Singularly Experimental – Bismarck House by Andrew Burges Architects
Bondi, NSW, Australia
Behind the traditional frontage of a 1940s semi-detached cottage in Bondi, a series of experiments with form, materiality and space unfolds. Yet, while experimental, the Bismarck House by Andrew Burges Architects is grounded by a sense of purpose in its dynamic responsiveness to the site.
The project was born of its long, narrow lot set on an eclectic urban laneway that provides rear access to commercial properties fronting Bondi Road. It is also the result of the collaborative working relationship between the architects and client Will Dangar, of landscape design studio Dangar Barin Smith, his wife, Julia, who worked closely with Karen McCartney and David Harrison on the interiors, and Bill Clifton, of Robert Plumb Build, builder and owner of the adjoining semi-detached home.
“It was an unusual project in that we didn’t really have a client; it was more [Will saying] ‘let’s do a project together!’,” says Min Dark, project architect and co-designer. She explains that, instead of the usual architect-client relationship, the project evolved through the ready-formed team encompassing architecture, landscape design, construction and interiors. The substantial level of trust between all parties framed the potential of the project from the beginning and enabled a greater level of experimentation throughout the design process.
The nature of the site and its interaction with the laneway became the conceptual starting point for the design. With the laneway, and the brick wall running along its length, forming a consistent, linear point of reference, the building alternately reaches forward and pulls back from this straight edge to create a serpentine form in the landscape. The other edge is defined by the neighbouring semi, which had already been renovated and extended by Robert Plumb Build and Potter&Wilson Architects.
The Bismarck House by Andrew Burges Architects is grounded by a sense of purpose in its dynamic responsiveness to the site.
Within this envelope, “the geometry was really about what was the optimal response to the laneway,” explains Principal Andrew Burges. While the gable roof speaks to its neighbouring roofline, in contrast to the rectilinear form of the traditional semi typology, “the looping of the façade created a much more oblique way of looking up and down the laneway that minimises overlooking of the adjacent commercial properties. It opened the interior up to pockets of sun and breeze and gave the opportunity for the garden to extend the full length of the laneway.”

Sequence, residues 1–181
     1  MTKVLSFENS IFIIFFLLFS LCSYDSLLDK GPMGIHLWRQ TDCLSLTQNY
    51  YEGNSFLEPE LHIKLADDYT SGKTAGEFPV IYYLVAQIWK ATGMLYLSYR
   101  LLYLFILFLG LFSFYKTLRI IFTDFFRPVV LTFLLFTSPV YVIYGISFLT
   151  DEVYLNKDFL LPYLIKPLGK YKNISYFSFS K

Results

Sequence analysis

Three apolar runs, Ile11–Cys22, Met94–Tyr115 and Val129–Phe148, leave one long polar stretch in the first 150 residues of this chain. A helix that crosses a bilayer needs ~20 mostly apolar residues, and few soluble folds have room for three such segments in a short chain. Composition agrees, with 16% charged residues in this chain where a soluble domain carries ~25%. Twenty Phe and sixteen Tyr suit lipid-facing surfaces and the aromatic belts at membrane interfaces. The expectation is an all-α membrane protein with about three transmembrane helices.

The nature of the site and its interaction with the laneway became the conceptual starting point for the design.
With the idea of a continuous garden, “we were conscious of the limits of this site and realised that setting up a level of containment at the perimeter was important,” Min reflects. “So the laneway is tightly controlled to allow living to extend up to the full width and length of the site. There are also points where that containment pushes in or out to frame moments of public engagement: the kitchen window is a stoop directly on the lane, and the existing cactus is returned to public space by the brick fence stepping in and around it.”
Typically, the internal plan of a semi-detached home is defined by the two parallel boundary walls. Bismarck House interprets this plan by shifting one wall out to become the northern perimeter fence on the laneway. Behind it, the curved façade of glass, steel and concrete sculpts out spaces that are given over to either the garden or the living areas of the home. “It was really key to have the project read so there’s not a sense of interior and exterior, but that you’re really sitting between these two boundary walls,” says Andrew.
While this northern perimeter wall, constructed from red bricks recycled from demolished structures on the site, functionally offers a great deal of protection from the outside world, it also subverts the traditionally impenetrable outer wall by inviting interaction and social engagement in the otherwise utilitarian laneway. The overscaled window with ledge seat beneath opens directly into the kitchen, encouraging passers-by to stop and converse with the inhabitants inside – an operable timber screen providing privacy when needed. Further down the lane, the wall steps in to offer a tiny pocket garden that creates a moment of reprieve within the urban context, echoing the way the eponymous Bismarck palm tree is nestled into the curve of the building.